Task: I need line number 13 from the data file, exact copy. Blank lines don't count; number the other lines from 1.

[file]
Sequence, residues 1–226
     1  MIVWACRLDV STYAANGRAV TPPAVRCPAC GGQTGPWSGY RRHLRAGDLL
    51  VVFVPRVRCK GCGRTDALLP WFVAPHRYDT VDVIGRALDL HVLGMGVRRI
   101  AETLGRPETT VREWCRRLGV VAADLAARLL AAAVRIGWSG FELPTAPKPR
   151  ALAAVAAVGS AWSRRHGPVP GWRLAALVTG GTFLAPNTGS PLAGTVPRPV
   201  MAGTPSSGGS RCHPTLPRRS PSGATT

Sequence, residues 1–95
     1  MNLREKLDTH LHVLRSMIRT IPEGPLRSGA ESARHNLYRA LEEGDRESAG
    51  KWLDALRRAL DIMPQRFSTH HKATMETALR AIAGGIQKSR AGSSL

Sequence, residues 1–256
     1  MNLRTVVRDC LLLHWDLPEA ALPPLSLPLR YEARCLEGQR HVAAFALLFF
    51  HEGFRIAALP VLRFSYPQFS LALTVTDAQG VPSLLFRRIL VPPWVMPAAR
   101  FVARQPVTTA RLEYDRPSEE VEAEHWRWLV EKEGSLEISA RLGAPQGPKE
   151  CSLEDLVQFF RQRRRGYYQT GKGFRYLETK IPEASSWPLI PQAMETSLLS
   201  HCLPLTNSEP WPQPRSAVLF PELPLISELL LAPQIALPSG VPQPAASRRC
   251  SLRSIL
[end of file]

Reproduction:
   101  FVARQPVTTA RLEYDRPSEE VEAEHWRWLV EKEGSLEISA RLGAPQGPKE